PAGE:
Static analysis is used to determine the displacements, stresses, strains and forces in structures or components due to loads that do not induce significant inertia and damping effects. Steady loading in response conditions are assumed. The kinds of loading that can be applied in a static analysis include externally applied forces and pressures, steady state inertial forces such as gravity or rotational velocity imposed (non zero) displacements, temperature (for thermal strain). A static analysis can be either linear or non linear. In our present work we are going to consider linear statistic analysis.
The procedure for static analysis consists of these main steps:
 Building the model
 Obtaining the solution.
 Reviewing the results.
 Build the model.

A. Building the model

In this step, the job name is specified and analysis title use PREP7 to define the element types, element real constraints, material properties and the model geometry element types both linear and non linear structural elements are allowed. The ANSYS elements library contains over 80 different element types. A unique number and prefix identity for each element type. Example: BEAM94, PLANE71, SOLID96 and PIPE16.

B. Material properties

Young’s modules (Ex), Must be defined for a static analysis. If we plan to apply inertia loads (such as gravity) we define mass properties such as density (DENS). Similarly if we plan to apply thermal loads (temperatures); we define coefficient of thermal expansion.

C. Obtain the solution

In this step we define the analysis type and options, apply loads and initial conditions the finite element solution. This involves three phases:
1) Pre processor phase. 2) Solution phase. 3) Post processor phase.

1) Pre-processor

Pre processor has been developed so that the same program is available on micro, mini, super mini and main frame computer system to other. Pre processor is an interactive model builder to prepare FE (finite element) model and input data. The solution phase utilizes the input data developed by the pre processor, and dies the solution according to the problem definition. It creates input files to the temperature, etc., on the screen in the form of contours. The following section describes various capabilities and features of the pre-processor.

2) Solution

The solution phase deals with the solution of the problem according to the problem definitions. All the tedious work of formulating and assembling of matrices are done by the computer, and finally displacements and stress values are given as output. Some of the capabilities ANSYS are linear static analysis, transient dynamic analysis etc.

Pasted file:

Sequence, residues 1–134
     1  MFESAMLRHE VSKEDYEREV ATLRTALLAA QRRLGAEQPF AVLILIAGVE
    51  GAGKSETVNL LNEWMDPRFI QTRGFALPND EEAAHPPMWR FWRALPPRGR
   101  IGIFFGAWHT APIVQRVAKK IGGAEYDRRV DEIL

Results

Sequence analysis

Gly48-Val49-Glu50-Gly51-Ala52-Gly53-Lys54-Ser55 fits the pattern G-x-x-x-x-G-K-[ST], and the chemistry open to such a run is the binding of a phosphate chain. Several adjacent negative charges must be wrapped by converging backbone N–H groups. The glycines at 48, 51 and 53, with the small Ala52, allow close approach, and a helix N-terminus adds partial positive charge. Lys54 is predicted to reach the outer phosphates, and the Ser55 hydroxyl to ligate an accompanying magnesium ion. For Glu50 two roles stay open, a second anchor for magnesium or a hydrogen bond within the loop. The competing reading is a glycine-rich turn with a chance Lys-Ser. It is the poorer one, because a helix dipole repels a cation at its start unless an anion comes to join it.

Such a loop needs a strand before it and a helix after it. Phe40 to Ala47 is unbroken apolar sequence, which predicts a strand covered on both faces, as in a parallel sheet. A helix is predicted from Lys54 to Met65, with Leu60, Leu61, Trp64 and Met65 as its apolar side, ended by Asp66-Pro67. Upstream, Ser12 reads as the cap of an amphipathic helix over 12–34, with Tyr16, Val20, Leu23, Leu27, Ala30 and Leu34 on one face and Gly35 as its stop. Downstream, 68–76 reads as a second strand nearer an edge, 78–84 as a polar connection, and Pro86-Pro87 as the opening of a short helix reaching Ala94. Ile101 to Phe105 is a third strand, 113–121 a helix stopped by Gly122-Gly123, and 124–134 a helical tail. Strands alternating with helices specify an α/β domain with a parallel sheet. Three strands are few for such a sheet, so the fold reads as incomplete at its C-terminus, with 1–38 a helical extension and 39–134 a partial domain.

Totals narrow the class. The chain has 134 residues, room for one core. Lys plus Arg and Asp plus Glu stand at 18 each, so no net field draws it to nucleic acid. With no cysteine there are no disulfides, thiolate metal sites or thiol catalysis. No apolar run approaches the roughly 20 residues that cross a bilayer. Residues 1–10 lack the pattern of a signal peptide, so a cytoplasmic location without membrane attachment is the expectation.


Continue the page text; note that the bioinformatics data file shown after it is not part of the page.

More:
3) Post processor

It is a powerful user-friendly post processing program. Using interactive color graphics; it has extensive plotting features for displaying results obtained from the finite element analysis. One picture of analysis results (i.e., results in a visual form) can often reveal in seconds what would take an engineer hour to asses from a numerical output, saying a tabular form. The engineer may also see important aspects of the results that could be easily missed in a stack of numerical data. [5,6]


A mantle heat exchanger is designed and fabricated as a part of research work (Ph.D.), of the author member with a wall thickness of 1.2 mm. but a practical problem has risen while altering tried to provide extra fittings over the heat exchanger. Initially small thickness of 1.2 mm is chosen to have very effective heat transfer between the hot and cold fluids. Hence to avoid the fabrication problems without affecting the heat transfer rates an attempt is made to increase the wall thickness from 1.2 mm to 1.5 mm and the behaviour of thermal stresses induced during heating process is also studied. Structural stresses are also analysed using ANSYS.


After modeling the mantle heat exchanger by going through the procedure explained above, the obtained results are tabulated and discussed. The properties of material selected in this study are given below:
Thickness of tank wall = 1.2 mm ,
Material = stainless steel (SS: 304)
Specific heat = 460 J/kg.k
Density = 7.82 gm/m3
Thermal conductivity = 15 w/m2.k
The maximum Thermal gradient observed in X-direction, Y-direction & Z-directions for 1.2 mm and 1.5 mm are as shown in table 2.
The maximum Thermal flux observed in X-direction, Y-direction & Z-directions for 1.2 mm and 1.5 mm is as shown in table 3.


From the above study, the thickness of heat exchanger wall can be increased from 1.2 mm to 1.5 mm, as there is no declination in heat transfer rates. It is observed from the result table that, the maximum thermal gradient is 7.999 in X direction and the maximum thermal flux is 1190.7 in Y-direction for 1.2 mm thick wall. It is observed from the result table that, the maximum thermal gradient is 7.7199 in X direction and the maximum thermal flux is 1077.5 in Ydirection for 1.5 mm thick wall. As there is no difference in heat transfer rates and moreover the thermal stresses can be reduced if the thickness is increased to 1.5 mm. There is a slight increase in the cost of product, which can be afforded by compensating with the performance of heat exchanger.


1. Soo Too Y.C.,Morrison G.L. and Behnia M, “Vertical mantle heat exchangers for solar water heaters” in proceeding of ANZSES Annual conference , December , Perth , Australia, 2004.

2. Soo Too Y.C., Morrison G.L., Design of mantle exchangers for solar water heaters; 13 international heat transfer conference, August, Sydney, Australia, 2006.

3. Fraser K.F. Hollands K.G.T., and Brunger A.P., “An empirical model for natural convection heat exchangers in SDHW systems”, solar energy, vol.55, pp75-84, 1995.

4. Farrington R.B and Bingham C, X “Testing and Analysis of immersed heat exchangers”, SER1/TR-254-2866, Golden CO, 1995.

5. ANSYS Manual 8.0

6. Solid works 2001 plus